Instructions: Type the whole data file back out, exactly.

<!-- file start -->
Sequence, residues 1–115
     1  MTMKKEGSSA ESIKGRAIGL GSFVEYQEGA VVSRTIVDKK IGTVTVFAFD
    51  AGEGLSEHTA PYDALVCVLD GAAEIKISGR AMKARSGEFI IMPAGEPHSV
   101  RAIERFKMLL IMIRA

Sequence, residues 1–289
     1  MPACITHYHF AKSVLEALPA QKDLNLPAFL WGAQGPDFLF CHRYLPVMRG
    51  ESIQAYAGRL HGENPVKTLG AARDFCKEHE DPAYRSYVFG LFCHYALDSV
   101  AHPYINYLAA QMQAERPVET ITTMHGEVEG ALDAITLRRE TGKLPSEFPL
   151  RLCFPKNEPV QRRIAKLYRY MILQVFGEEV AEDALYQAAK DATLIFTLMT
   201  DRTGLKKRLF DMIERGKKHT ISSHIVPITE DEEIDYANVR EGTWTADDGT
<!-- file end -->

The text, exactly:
Sequence, residues 1–115
     1  MTMKKEGSSA ESIKGRAIGL GSFVEYQEGA VVSRTIVDKK IGTVTVFAFD
    51  AGEGLSEHTA PYDALVCVLD GAAEIKISGR AMKARSGEFI IMPAGEPHSV
   101  RAIERFKMLL IMIRA

Sequence, residues 1–289
     1  MPACITHYHF AKSVLEALPA QKDLNLPAFL WGAQGPDFLF CHRYLPVMRG
    51  ESIQAYAGRL HGENPVKTLG AARDFCKEHE DPAYRSYVFG LFCHYALDSV
   101  AHPYINYLAA QMQAERPVET ITTMHGEVEG ALDAITLRRE TGKLPSEFPL
   151  RLCFPKNEPV QRRIAKLYRY MILQVFGEEV AEDALYQAAK DATLIFTLMT
   201  DRTGLKKRLF DMIERGKKHT ISSHIVPITE DEEIDYANVR EGTWTADDGT